Another hotel staff member, who did not want to be named, said the waitress had been delivering food on that floor when she got caught in the fracas.
“There was a meeting between Grace Mugabe’s people and the hotel’s human resources people on Tuesday,” he said.
Garnet Basson, chief operating officer at The Capital Hotel Group, did not confirm or deny the incident, but said: “We are handling this thing internally. Please respect that. We will decide on how to deal with this matter going forward.
“It’s the staff member’s privacy that we must respect. I can assure you that we are doing everything in all aspects to ensure that we follow the necessary steps.”
A source said Grace also assaulted a manager at the hotel.
A week of chaos and recriminations, which began with Grace assaulting local model Gabriella Engels with an electrical cord, ended with the two countries on the brink of a full-blown diplomatic row as they blocked each other’s flights.
On Saturday, the diplomatic nightmare intensified and spilt over into a major aviation crisis.
Thousands of passengers flying between Zimbabwe and South Africa were left stranded as civil aviation authorities from both countries grounded flights after what insiders said was “political interference” – and an attempt to force the South African government to grant Grace diplomatic immunity.
The furore began when a flight to Harare by Air Zimbabwe – operated by President Mugabe’s son-in-law Simba Chikore – was grounded on Friday night.
Government sources said the plane was due to fly the Mugabes back to Harare on Saturday.
Following a meeting with all aviation entities, Transport Minister Joe Maswanganyi assured the matter would be resolved within a day.
Maswanganyi said Air Zimbabwe and South African Airways did not have the required foreign operator’s permit, and both airlines had been instructed to comply with regulations.
“From the South African side, the SAA issue was a coincidence and had nothing to do with the restriction of the Air Zimbabwe aircraft by the SA Civil Aviation Authority, ” a statement read on Sunday.
The meeting followed “retaliation” from Zimbabwe in which SAA operations in Zimbabwe were halted after flights into and out of Harare, Bulawayo and Victoria Falls were cancelled over what the airline said were “restrictions” imposed by Zimbabwe’s aviation authorities related to the requirement of a foreign operator’s permit for its aircraft.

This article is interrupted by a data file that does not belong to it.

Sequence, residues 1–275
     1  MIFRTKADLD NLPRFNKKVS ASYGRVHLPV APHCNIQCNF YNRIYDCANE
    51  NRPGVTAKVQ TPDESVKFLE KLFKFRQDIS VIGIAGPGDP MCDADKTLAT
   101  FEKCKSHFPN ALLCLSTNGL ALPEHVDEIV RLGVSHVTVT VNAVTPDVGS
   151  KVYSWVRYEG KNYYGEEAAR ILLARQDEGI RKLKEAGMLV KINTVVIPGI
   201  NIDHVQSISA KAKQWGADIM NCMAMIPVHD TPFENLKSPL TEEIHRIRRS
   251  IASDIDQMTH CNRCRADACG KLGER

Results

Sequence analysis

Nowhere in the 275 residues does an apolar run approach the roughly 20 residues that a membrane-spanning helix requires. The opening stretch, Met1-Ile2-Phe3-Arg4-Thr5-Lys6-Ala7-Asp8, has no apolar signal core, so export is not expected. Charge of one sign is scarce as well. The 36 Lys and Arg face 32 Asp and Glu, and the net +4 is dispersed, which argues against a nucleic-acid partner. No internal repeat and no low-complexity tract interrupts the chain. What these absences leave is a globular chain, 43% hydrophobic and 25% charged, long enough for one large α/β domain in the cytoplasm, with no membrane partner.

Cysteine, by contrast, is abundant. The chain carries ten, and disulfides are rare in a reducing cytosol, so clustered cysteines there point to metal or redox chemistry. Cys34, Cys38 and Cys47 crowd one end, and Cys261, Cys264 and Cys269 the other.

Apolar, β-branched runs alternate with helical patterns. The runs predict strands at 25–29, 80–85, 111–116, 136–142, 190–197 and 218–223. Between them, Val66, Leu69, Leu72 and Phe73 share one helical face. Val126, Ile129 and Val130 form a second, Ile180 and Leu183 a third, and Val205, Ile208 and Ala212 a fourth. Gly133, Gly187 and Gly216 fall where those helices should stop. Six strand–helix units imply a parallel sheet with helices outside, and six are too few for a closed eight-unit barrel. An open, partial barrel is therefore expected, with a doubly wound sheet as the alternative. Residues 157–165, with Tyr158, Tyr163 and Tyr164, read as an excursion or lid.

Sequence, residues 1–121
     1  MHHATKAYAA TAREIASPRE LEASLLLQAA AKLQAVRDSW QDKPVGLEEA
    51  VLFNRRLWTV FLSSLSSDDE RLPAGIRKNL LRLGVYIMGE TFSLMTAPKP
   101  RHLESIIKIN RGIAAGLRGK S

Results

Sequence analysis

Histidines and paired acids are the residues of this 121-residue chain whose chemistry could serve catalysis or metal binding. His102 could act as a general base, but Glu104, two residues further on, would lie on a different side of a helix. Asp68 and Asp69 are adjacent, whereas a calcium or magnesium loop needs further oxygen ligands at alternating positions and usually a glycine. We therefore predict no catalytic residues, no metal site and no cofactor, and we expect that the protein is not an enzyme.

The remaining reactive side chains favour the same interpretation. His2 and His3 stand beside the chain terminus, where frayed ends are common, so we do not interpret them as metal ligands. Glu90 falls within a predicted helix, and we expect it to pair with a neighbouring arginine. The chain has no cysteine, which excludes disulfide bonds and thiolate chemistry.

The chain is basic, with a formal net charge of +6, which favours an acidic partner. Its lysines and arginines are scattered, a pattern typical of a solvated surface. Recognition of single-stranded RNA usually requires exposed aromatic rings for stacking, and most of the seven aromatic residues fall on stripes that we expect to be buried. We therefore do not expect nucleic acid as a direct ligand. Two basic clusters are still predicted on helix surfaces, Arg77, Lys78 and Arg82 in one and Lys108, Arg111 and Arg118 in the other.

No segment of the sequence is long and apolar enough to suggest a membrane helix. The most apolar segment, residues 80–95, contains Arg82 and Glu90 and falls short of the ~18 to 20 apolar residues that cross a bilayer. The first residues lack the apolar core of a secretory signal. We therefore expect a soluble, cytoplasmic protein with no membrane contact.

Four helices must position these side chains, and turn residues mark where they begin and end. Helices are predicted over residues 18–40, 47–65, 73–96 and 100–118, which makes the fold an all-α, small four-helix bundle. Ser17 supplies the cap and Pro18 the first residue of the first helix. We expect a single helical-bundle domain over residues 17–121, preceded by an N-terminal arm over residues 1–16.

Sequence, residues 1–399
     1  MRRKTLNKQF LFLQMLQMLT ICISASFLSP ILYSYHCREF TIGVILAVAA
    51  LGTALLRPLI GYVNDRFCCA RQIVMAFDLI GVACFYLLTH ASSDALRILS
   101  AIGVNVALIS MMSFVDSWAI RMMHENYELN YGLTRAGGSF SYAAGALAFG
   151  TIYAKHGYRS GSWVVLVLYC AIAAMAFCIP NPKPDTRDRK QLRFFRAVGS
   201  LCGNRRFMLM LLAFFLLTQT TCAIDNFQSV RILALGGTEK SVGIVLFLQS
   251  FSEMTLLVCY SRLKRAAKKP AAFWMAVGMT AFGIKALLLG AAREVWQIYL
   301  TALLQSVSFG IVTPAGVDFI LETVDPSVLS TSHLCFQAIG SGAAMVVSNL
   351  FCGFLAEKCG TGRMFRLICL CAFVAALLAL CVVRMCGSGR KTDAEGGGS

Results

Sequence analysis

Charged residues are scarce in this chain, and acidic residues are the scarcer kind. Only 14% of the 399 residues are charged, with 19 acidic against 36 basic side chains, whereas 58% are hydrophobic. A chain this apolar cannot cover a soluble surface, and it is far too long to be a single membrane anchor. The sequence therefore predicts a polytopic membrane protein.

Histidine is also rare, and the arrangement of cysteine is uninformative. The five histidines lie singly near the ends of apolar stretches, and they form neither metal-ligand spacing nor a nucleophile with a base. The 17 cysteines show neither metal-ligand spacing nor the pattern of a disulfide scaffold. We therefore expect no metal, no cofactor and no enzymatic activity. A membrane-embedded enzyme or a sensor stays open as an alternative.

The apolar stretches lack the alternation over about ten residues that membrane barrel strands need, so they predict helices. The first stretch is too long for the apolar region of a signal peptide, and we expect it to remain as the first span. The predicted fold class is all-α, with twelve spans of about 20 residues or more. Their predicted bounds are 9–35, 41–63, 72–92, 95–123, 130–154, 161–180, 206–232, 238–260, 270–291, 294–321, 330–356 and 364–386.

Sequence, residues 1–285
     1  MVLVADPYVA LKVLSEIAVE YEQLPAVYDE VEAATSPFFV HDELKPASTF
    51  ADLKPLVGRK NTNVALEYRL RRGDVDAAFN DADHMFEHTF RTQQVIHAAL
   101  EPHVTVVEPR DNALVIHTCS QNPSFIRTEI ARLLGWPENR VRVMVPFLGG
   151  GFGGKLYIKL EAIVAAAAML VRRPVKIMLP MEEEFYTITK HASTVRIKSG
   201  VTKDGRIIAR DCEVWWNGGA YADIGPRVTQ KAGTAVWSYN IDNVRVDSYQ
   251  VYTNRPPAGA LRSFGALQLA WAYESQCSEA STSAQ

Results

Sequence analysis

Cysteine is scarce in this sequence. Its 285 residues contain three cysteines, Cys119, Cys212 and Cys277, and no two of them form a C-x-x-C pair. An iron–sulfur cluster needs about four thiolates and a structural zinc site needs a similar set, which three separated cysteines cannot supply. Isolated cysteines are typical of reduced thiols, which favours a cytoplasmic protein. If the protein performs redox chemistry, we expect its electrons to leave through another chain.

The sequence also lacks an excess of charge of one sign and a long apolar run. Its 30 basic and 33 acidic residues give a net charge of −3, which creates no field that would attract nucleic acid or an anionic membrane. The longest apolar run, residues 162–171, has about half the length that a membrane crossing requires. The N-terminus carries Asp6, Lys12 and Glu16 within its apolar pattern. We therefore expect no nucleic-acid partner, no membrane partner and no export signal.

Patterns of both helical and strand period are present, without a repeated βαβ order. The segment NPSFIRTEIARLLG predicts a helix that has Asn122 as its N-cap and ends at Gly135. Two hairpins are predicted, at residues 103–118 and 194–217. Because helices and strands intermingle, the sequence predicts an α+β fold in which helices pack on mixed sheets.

British Airways, operated by Comair, also cancelled its flights into Harare and Victoria Falls.
The standoff is believed to have been sparked by the grounding of the Air Zimbabwe plane at OR Tambo International Airport.
David Chawota, chief executive of the Civil Aviation Authority of Zimbabwe, told the Sky News Africa on Sunday that Zimbabwean authorities were “enforcing” regulations and had not imposed any restrictions on SAA operations, as claimed by the airline.
“We don’t have any restrictions; we are simply doing an enforcement of the regulations and this is over noncompliance to operational issues as SAA doesn’t have a foreign operator’s permit. But they [SAA] are making efforts to redress the situation,” he said.
With a combined nine daily flights into Harare, Bulawayo and Victoria Falls, the standoff could harm SAA’s grip on the lucrative airline industry in Zimbabwe, which it dominates.
Chawota said the action against SAA “was not a tit for tat”.
In Victoria Falls, SAA passengers were ferried by bus from Victoria Falls Airport to board their flight from Livingstone Airport in Zambia – where it is understood SAA planes were landing.
SAA spokesman Tlali Tlali said the airline was “completely surprised” by the events.
Tlali said 120 passengers were on board flight SA025 from Harare to Johannesburg.
“This was surprising as we have been operating that route for more than 20 years. We are still trying to understand it,” said Tlali, who did not want to comment on whether the Zimbabwean step was in retaliation for the Air Zimbabwe plane being grounded.
“In total, there were supposed to have been eight flights operated by SAA into and out of Zimbabwe on Saturday – some to and from Harare, and some to and from Victoria Falls,” said Tlali.
“We have decided not to operate those flights until the situation changes. If the situation changes.”
Civil Aviation Authority spokesman Kabelo Ledwaba said the Air Zimbabwe flight was prevented from leaving on Friday when a routine “ramp inspection” uncovered the absence of a foreign operator’s permit.